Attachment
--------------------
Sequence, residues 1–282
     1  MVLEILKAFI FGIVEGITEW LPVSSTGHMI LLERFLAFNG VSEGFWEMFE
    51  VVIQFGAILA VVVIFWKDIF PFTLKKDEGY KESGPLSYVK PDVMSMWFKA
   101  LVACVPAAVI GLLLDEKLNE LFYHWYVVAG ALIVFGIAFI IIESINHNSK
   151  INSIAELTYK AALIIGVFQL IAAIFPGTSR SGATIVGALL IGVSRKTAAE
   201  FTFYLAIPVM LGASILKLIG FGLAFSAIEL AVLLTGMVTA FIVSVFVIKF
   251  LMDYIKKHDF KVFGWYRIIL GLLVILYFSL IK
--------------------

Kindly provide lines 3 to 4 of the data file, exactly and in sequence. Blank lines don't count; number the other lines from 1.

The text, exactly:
    51  VVIQFGAILA VVVIFWKDIF PFTLKKDEGY KESGPLSYVK PDVMSMWFKA
   101  LVACVPAAVI GLLLDEKLNE LFYHWYVVAG ALIVFGIAFI IIESINHNSK